“Minions” is a spinoff prequel based on side characters from the “Despicable Me” franchise. That sentence, in and of itself, is tiresome. It’s not enough that Hollywood decides to make the same movie over and over again. In the case of “Minions,” the filmmakers decided to make a feature-length movie based solely around comic relief characters that – wait for it – don’t speak a discernible language.
I haven’t seen “Despicable Me” or its sequel, but like just about every other person in this country, I know who the Minions are. My YouTube play history would reveal that I’ve watched the “Minions” trailer on more than one occasion – a couple of minutes of gibberish-laden insanity is good for the soul, and it’s just funny to see a little yellow pill monster with heterochromia iridum (two differently colored eyes) do a mic drop. However, any more than five consecutive minutes of this nonsense is just too much. I’m all for stupid funny, when its done right, and I’m a big believer in the idea that a moment enjoyed is not a moment wasted. That said, I don’t see the sustained enjoyment in “Minions.”
From a filmmaking perspective, “Minions” is pretty, but it’s badly disjointed, poorly written and a staggering example at just how predictable movies have become which is amusing when I didn’t know what the hell was going on for most of the film.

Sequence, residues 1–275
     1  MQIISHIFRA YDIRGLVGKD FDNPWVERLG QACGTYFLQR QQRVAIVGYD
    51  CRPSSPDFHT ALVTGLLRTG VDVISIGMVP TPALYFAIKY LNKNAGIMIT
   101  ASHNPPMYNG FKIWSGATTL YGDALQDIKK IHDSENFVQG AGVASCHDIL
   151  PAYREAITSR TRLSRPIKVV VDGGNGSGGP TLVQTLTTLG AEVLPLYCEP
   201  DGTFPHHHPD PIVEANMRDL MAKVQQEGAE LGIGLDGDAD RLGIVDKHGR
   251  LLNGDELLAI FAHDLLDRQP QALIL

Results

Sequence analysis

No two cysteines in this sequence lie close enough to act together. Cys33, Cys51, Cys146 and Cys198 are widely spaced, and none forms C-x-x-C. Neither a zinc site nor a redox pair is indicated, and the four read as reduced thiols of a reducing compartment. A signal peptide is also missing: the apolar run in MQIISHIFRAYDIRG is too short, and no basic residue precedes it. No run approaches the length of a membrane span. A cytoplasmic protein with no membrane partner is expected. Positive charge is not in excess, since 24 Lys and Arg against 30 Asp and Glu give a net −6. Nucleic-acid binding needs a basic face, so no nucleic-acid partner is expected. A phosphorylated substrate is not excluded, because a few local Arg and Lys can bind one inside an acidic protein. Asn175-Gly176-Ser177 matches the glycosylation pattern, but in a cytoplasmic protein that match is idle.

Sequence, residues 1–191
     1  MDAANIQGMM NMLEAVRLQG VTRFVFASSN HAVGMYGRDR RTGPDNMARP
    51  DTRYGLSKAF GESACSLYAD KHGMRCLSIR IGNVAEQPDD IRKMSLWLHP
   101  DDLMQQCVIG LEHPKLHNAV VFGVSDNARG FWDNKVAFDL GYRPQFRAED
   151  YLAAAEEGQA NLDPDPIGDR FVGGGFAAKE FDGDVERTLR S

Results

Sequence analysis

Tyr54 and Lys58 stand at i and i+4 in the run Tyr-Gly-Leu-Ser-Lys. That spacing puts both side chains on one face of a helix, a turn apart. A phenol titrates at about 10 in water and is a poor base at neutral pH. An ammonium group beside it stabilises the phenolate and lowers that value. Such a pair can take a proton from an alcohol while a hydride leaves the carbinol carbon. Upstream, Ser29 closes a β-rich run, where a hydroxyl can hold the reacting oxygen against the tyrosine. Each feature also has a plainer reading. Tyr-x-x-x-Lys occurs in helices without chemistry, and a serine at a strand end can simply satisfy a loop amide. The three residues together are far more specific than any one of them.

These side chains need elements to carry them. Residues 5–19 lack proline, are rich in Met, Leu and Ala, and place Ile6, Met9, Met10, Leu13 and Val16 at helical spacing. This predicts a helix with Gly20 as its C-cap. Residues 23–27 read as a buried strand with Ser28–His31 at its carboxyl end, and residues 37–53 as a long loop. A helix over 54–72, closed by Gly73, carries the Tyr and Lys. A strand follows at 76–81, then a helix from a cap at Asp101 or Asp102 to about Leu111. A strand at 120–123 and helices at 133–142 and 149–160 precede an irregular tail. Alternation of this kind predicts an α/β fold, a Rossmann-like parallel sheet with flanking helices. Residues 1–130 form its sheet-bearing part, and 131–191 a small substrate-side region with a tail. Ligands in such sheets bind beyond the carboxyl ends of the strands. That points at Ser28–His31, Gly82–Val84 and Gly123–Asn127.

[Slight “spoilers” ahead] There’s a moment where one of the main characters apparently isn’t going to make it which is followed by the long, mournful pause. I’ve seen a lot of movies, I knew full well what was going to happen. The other adults in the theatre knew what was going to happen. Amusingly, even the seven-year-old who sat behind me knew what was going to happen – I heard her whisper to her dad, “He’s not really dead. He’s going to come back.” She didn’t say it in a hopeful or tearful manner. She said it confidently – the way a seven-year-old will tell you the new fact they learned about dinosaurs or the way a toddler will tell you they successfully went poop. That little microcosm of the predictability of film was very interesting to me. Who do filmmakers think they’re fooling? They’re certainly not fooling the adults, and apparently even the kids have that trick on lockdown. Maybe when the success rate for a particular joke or dramatic turn reaches absolute zero, maybe then it’s time for a change?
All said, don’t bother with “Minions.” It’s inane, insane and has a distinct lack of brain-stimulating anything. My suggestion is to watch the “Minions” trailer or go find a Minions compilation video. Even better, go see “Inside Out,” it’s absolutely everything “Minions” is not and is still easily my favorite film of 2015.
3 of 6 stars